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March of the Living, proud young people, between Auschwitz - Birkenau, 2008
March of the Living, Auschwitz, 2005
March of the Living, Auschwitz - Birkenau, 2008
March of the Living, between Auschwitz and Auschwitz-Birkenau, 2005
March of the Living, Auschwitz-Birkenau, 2005
Jewish March of the Living, Auschwitz, 2000

The March of the Living, is an annual educational program which brings students from all over the world to Poland, where they explore the remnants of the Holocaust. On Holocaust Memorial Day (Yom Hashoah), thousands of participants march silently from Auschwitz to Birkenau, the largest Nazi German concentration camp complex built during World War II. Marchers come from countries as diverse as Panama, Turkey, Estonia and New Zealand.

The program was established in 1988 and takes place annually around April and May, immediately following Passover, for two weeks.

At the climax of the program is the march, which is designed to contrast with the death marches which occurred towards the end of World War II. When Nazi Germany withdrew its soldiers from forced-labour camps, inmates—usually already starving and stricken by oppressive work—were forced to march hundreds of miles in the snow, while those who lagged behind or fell were shot. This contrast of the living walking the path of a death march serves to illustrate the continued existence of world Jewry despite Nazi Germans attempts at their obliteration.

After spending a week in Poland visiting other sites of Nazi Germans persecution and former sites of Jewish life and culture, many of the participants in the March of the Living also travel on to Israel where they observe Yom Hazikaron (Israel's Remembrance Day) and celebrate Yom Haatzmaut (Israel's Independence Day).

The March of the Living is mainly aimed at Jewish high school students and its goals are both universal (to make them better human beings, to fight racism and injustice etc.) and in particular (to fight anti-semitism, to strengthen their Jewish identity and connection to Israel).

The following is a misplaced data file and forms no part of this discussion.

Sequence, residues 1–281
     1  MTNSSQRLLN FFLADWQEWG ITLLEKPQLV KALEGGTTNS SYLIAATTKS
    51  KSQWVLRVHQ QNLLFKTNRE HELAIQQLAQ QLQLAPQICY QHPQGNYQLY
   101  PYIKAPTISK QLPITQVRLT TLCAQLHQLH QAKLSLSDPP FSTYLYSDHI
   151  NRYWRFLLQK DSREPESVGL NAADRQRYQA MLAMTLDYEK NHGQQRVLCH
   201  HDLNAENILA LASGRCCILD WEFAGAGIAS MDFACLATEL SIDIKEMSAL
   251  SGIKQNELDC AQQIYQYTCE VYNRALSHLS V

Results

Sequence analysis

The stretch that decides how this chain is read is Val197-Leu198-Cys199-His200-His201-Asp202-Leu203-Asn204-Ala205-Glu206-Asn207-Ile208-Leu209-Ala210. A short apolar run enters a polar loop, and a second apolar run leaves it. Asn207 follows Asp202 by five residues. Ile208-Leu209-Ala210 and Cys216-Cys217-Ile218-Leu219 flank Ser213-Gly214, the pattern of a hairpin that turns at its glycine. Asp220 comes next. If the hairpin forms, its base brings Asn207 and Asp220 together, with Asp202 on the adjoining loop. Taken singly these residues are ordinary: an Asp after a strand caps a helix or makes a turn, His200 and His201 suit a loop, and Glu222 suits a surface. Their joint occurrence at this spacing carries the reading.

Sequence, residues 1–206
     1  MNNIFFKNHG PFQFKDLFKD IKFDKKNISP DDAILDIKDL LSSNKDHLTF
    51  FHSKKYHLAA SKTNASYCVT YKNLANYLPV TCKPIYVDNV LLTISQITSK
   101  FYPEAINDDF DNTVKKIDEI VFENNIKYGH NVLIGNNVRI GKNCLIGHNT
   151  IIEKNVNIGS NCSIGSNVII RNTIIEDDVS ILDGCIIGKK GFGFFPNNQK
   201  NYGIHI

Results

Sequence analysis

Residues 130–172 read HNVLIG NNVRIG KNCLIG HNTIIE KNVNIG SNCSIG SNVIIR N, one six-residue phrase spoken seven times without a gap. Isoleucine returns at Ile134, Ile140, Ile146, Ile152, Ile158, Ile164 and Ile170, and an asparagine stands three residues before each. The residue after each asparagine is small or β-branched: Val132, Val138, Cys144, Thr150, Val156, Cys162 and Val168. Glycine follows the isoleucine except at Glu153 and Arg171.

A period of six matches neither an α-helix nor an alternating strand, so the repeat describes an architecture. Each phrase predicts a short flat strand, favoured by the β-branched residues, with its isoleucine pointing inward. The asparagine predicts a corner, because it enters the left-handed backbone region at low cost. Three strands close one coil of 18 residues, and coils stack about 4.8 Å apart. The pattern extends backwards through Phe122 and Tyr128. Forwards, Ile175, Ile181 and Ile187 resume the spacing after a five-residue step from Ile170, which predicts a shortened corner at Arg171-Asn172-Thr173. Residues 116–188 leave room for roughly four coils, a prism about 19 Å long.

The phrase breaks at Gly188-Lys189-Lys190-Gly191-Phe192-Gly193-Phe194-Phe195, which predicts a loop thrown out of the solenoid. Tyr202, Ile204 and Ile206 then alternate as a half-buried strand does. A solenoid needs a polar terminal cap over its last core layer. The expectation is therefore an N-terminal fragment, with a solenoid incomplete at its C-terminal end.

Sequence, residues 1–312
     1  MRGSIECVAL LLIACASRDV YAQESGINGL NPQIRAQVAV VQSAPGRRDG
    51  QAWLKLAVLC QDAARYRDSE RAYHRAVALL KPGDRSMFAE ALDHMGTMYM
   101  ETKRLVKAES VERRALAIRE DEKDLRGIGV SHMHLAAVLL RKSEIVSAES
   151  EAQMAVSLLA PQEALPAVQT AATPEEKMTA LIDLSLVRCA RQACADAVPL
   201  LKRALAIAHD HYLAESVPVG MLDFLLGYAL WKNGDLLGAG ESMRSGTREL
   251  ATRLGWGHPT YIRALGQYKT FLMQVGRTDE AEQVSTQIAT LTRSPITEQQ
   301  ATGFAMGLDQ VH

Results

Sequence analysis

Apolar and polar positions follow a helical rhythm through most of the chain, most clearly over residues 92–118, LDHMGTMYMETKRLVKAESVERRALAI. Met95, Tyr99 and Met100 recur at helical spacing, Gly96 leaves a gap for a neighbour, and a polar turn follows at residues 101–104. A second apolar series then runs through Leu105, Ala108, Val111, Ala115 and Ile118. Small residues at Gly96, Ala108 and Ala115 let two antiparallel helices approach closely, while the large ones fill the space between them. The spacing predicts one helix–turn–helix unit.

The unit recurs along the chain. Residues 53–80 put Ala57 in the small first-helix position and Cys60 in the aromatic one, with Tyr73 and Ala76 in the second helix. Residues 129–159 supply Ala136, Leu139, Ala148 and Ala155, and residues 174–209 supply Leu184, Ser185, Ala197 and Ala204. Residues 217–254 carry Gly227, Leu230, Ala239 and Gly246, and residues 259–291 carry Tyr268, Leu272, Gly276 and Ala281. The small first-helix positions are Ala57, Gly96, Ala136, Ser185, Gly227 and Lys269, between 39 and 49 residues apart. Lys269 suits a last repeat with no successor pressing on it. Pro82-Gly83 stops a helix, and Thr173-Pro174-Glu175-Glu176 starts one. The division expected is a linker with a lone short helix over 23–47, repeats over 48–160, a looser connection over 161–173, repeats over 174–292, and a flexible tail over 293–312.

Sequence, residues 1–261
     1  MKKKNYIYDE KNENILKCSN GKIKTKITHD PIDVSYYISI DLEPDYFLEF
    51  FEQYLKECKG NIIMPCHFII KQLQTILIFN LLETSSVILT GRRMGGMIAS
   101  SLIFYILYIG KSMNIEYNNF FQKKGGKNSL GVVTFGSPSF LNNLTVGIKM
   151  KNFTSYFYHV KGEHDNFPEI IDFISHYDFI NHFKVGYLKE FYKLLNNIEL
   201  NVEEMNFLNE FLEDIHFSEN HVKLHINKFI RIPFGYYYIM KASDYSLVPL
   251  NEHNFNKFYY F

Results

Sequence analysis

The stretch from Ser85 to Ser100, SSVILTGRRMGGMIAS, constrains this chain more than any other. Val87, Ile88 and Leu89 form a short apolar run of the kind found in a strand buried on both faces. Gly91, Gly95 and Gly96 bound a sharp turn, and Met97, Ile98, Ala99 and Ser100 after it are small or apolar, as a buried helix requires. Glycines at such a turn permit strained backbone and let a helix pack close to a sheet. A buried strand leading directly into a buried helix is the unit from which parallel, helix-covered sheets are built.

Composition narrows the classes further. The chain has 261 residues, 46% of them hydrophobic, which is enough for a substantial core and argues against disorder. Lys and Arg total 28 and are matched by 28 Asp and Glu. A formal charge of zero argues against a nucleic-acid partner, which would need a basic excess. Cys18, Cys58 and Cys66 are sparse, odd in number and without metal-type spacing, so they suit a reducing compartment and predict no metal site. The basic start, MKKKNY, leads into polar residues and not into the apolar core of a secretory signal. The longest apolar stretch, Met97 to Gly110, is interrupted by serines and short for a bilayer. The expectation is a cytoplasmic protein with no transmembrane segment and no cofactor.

A key element of the program is the participation of Holocaust survivors who share the memory of their war-time experiences with the young people in the very places where they unfolded. There is a greater urgency to encourage larger numbers of students take part in the program in the coming years, while the survivors are still well enough to participate in this challenging two week trip. *

Though the vast majority of participants in the March of the Living are Jewish high school students from around the world (including Israel), there are adult groups, along with many non-Jewish groups, such as the Polish Friends of Israel, Japan's Bridges for Peace and others who attend the program.

In recent years the March of the Living (MOL) has attempted to broaden its focus from only concentrating on the Holocaust, and include other program content in the Poland portion of the trip. These elements include: celebrating Jewish life before the war, establishing dialogue with Polish students, meeting with Polish righteous among the nations, and connecting with the contemporary Polish Jewish community.

The March of Remembrance and Hope (MRH) is a program designed for university/college students of all religions and backgrounds. This program, founded in 2001, takes place in May, and in recent years, has included a 2 day trip to Germany, before the 5 day Poland portion of the trip. The purpose of the March of Remembrance and Hope is to teach students of different religious and ethnic backgrounds about the dangers of intolerance through the study of the Holocaust and other WWII genocides, and to promote better relations among people of diverse cultures. Holocaust survivors also participate in the March of Remembrance and Hope program. Since its inception students of a wide variety of religions and ethnicities have taken part.

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